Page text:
Occult Witches shone through tracks like “Vow” from their third full-length Mastermind released earlier this summer, with the equal parts rasp and soul of San Martin’s voice, a double guitar assault, and a high-spirited rhythm section.
Bassist Danick Cournoyer spoke comedically between songs, teaching the audience French curse words and celebrating that this night was “the most people in the venue during the tour.” Despite being cramped, fans still made space to dance along to tracks like “Ghost on the Highway” which drummer Eliot Sirois played with an impassioned urgency as if any stillness between beats or songs pained him.
Occult Witches brought a new level of theatrics to the evening during their set’s climactic ending that featured spellbinding guitarmonies from Jéremie Tremblay and Alec Sundara Marceau – who impressively played behind his head – and just enough cowbell.
As the crowd raised their drinks and cheered for more songs, the band got to revel in their final ovation of the tour. “It’s fun to play in Toronto,” Cournoyer shared after the show, “We come from a shitty small town in Quebec so we feel like rock stars here.”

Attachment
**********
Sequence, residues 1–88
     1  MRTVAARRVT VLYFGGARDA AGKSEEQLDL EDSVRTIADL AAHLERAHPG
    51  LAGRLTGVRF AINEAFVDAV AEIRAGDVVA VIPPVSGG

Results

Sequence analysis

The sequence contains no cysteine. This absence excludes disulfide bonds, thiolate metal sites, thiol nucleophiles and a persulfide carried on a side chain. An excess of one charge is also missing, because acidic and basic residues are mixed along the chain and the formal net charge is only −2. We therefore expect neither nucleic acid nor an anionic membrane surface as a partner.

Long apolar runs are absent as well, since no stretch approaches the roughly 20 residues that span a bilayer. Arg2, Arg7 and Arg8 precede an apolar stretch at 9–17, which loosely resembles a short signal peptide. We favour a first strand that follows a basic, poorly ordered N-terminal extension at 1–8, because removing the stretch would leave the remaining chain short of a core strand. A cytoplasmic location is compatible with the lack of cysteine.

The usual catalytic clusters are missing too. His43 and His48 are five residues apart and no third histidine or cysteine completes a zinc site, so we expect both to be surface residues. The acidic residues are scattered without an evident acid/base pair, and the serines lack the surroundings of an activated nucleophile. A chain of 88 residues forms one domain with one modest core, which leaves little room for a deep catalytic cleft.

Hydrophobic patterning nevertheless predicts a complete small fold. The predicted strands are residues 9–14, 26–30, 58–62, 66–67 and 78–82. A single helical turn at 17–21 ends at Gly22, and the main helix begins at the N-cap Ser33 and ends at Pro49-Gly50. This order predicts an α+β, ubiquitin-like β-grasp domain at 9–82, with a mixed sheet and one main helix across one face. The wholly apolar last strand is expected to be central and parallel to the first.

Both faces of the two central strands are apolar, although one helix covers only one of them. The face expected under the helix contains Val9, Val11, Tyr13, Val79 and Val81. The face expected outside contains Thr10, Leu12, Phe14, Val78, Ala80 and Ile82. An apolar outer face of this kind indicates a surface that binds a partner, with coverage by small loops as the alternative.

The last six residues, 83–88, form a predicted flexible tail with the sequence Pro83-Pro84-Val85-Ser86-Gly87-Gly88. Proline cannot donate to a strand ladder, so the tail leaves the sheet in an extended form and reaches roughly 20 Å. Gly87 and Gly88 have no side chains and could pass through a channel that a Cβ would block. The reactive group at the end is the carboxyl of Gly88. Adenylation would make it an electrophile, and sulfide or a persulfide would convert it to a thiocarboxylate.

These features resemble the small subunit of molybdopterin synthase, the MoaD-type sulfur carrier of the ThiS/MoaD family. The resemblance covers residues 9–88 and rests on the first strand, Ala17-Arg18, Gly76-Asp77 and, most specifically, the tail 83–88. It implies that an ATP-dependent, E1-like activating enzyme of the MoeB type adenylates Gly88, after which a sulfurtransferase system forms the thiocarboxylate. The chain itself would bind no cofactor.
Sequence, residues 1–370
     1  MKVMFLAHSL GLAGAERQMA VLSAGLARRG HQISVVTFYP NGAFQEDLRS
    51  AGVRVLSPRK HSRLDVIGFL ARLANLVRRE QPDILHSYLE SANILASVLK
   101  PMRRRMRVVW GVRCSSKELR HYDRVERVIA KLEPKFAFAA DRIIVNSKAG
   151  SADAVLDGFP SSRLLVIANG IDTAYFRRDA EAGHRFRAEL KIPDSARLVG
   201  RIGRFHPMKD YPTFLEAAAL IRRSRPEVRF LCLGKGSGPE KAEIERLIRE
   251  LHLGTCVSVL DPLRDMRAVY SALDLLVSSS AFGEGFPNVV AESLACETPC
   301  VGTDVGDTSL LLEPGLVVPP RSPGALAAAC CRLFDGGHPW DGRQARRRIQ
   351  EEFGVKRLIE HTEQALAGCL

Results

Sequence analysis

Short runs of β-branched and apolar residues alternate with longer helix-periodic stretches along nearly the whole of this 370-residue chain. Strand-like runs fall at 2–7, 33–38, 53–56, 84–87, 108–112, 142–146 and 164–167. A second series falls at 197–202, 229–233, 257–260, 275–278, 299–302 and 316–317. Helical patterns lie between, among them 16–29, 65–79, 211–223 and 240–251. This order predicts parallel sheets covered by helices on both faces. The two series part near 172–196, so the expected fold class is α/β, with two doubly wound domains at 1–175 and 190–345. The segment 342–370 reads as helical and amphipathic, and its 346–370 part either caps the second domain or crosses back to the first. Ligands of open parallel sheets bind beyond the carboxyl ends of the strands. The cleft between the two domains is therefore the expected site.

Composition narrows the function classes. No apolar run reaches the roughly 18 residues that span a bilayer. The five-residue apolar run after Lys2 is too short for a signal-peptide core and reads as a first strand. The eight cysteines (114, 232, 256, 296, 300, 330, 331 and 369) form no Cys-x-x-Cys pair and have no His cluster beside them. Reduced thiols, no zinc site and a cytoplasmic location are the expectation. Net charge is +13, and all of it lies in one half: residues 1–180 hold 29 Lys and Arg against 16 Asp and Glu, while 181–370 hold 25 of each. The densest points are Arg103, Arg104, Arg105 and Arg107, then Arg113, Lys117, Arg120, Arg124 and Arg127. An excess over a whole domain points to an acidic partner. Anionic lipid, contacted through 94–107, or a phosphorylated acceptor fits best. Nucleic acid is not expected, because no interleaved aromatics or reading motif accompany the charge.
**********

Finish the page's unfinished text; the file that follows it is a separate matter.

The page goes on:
By 1:30 AM, Sun Below drummer Will Adams got to reclaim his seat behind the kit, this time as a member of Tumble; a power trio who classify themselves as “heavy rock ‘n’ roll” and the final act of the night.
Walk-ins continued to pour in, vying for space in the tightly-packed crowd, as the Toronto-based band took their places on the stage they are very familiar with. With faces hidden under uniform curtains of dark hair, Tumble delivered an hour of late 60s rock revival with unrelenting energy. “Freight train” were the words Adams later used to describe their musical goal for the evening – a goal they exceedingly met.
Tumble’s vocalist and guitarist Liam Deak masterfully carried both roles; a force in constant movement, sometimes stepping down from the stage to play face-to-face with fans. Their debut single “Lady Cadaver” proved an even better experience live and showcased the gravelly texture of his vocals.
Members of the audience could be spotted with eyes closed in rapture and heads keeping time as towering bassist Tarun Dawar’s fingers flew across the strings, the rhythm seeming to flood through them like second nature.
After a celebrated cover of The Beatles’ proto-doom track, “I Want You (She’s So Heavy)” and Deak soloing on his knees in front of a wall of Marshalls, he closed the set saying, “This has been The Cursed Tour. There’s no other place we would have ended it than right fucking here.”